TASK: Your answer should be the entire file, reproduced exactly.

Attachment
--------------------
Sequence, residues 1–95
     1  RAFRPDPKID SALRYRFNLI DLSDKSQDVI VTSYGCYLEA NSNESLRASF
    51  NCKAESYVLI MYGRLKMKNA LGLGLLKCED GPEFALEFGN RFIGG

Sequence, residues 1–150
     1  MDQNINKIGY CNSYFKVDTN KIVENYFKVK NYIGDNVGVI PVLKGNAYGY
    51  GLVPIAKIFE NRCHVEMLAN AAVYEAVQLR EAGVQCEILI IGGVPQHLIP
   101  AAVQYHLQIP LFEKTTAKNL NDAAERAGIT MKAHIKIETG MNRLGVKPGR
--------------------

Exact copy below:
Sequence, residues 1–95
     1  RAFRPDPKID SALRYRFNLI DLSDKSQDVI VTSYGCYLEA NSNESLRASF
    51  NCKAESYVLI MYGRLKMKNA LGLGLLKCED GPEFALEFGN RFIGG

Sequence, residues 1–150
     1  MDQNINKIGY CNSYFKVDTN KIVENYFKVK NYIGDNVGVI PVLKGNAYGY
    51  GLVPIAKIFE NRCHVEMLAN AAVYEAVQLR EAGVQCEILI IGGVPQHLIP
   101  AAVQYHLQIP LFEKTTAKNL NDAAERAGIT MKAHIKIETG MNRLGVKPGR